Successful ponds begin with careful planning.
image by Photo by Moira Clune
To borrow a phrase from the real estate handbook, your primary concern when designing and building a pond is location, location, location. Site your pond incorrectly and you may have poor plant and fish growth, algae blooms and maintenance problems. The most successful backyard ponds begin with careful planning, so before you open the glossy pond supply catalogs, spend time on the preliminaries, such as drainage, sunlight and distance from your house. Take the time to understand your site so that your final pond design results in a beautiful, safe and easy-to-maintain addition to your landscape.
Decide on a liner. Preformed liners are easy to install and available at many home improvement centers, but your ultimate size and design will be limited. Flexible liners allow you to create a size and shape that meets your needs and fulfills your vision. The longest lasting liners are made of EPDM (ethylene propylene diene monomer), a nontoxic, UV-resistant and durable material that is available in a wide range of sizes up to 40 feet square.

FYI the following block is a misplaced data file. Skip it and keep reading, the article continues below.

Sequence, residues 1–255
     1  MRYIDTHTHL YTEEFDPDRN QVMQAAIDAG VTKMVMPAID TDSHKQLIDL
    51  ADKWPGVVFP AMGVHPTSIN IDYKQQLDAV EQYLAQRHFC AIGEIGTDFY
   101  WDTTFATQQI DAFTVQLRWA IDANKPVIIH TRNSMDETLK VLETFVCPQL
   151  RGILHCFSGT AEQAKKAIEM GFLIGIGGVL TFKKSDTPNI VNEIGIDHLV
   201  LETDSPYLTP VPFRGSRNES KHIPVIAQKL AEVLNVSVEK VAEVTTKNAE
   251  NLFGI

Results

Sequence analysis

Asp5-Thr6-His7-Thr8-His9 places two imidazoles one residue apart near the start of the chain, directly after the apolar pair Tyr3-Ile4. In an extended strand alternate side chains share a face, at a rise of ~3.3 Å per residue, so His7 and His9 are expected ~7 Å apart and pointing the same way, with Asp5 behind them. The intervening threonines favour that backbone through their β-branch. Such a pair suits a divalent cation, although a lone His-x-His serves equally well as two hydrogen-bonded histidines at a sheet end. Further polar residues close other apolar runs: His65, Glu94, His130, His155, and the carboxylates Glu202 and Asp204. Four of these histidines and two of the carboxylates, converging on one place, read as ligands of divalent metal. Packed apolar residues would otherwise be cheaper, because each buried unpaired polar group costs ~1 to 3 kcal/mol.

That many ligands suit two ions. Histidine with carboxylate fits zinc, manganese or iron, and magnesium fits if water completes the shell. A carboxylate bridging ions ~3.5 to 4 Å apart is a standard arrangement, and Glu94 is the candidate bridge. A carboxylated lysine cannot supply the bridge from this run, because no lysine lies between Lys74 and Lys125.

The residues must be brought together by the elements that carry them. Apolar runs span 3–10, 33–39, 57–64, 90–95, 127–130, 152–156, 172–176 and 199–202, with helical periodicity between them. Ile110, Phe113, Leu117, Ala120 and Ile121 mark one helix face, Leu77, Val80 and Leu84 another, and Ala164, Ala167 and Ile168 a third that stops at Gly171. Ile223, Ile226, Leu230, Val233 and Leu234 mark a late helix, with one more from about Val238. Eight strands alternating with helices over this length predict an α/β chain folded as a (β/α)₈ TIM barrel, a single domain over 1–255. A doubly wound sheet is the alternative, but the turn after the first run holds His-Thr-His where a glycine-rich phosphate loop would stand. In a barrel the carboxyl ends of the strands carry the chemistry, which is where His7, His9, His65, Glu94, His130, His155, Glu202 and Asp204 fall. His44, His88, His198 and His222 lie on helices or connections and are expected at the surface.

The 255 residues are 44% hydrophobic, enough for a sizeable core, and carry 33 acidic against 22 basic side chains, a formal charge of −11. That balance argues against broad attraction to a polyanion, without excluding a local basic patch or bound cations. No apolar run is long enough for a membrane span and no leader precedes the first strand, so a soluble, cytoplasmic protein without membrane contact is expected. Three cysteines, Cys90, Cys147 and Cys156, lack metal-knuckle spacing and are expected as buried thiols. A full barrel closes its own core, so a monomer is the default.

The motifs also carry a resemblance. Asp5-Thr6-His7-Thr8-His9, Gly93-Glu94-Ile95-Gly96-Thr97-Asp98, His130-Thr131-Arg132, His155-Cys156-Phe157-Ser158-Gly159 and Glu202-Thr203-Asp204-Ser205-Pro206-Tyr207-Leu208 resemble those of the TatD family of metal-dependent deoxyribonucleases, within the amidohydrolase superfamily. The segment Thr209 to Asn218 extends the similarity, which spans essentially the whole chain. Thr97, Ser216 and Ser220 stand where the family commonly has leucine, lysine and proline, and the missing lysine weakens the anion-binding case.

Choose a sunny spot. A pond should have at least four to six hours of sunlight each day. Less than that and ornamental plants such as water lilies and lotus will not bloom profusely.
Choose an area away from runoff. Lawn fertilizers, driveway salts and household gray water can run into your pond and cause algae blooms or pH fluctuations. If your only viable location may experience runoff, build an earthen berm---a mound of soil---to divert water from flowing into your pond.
Plan for falling leaves. Excess organic matter in the form of fallen leaves will leave your pond with a layer of sludge that will promote algae growth. Site your pond outside the range of the heaviest leaf drop.
Avoid toxic or dangerous trees. Black walnut trees contain juglone, a chemical that may be poisonous to fish. Fruit and nut trees will contribute to sludge buildup, and the roots of large trees may grow under your liner and damage it.
Plan for easy access. You will, at times, need to add water to your pond, so access to a water supply will be helpful. If you are planning a pump, filter or water feature, you will need to supply electricity.
Decide on maximum depth. If you plan to keep fish and live in an area with severe winters, your pond will need to provide a place to hibernate. A depth of 2 to 3 feet is required. Deep water gives fish a cool hiding place on the hottest days of summer as well.
Design shallow areas. Shallow shelves around the perimeter of the pond are planted with marginals for decorative effect. These shallow areas also provide habitat for frogs, turtles and other wildlife. Shelves can be any depth between 6 and 12 inches.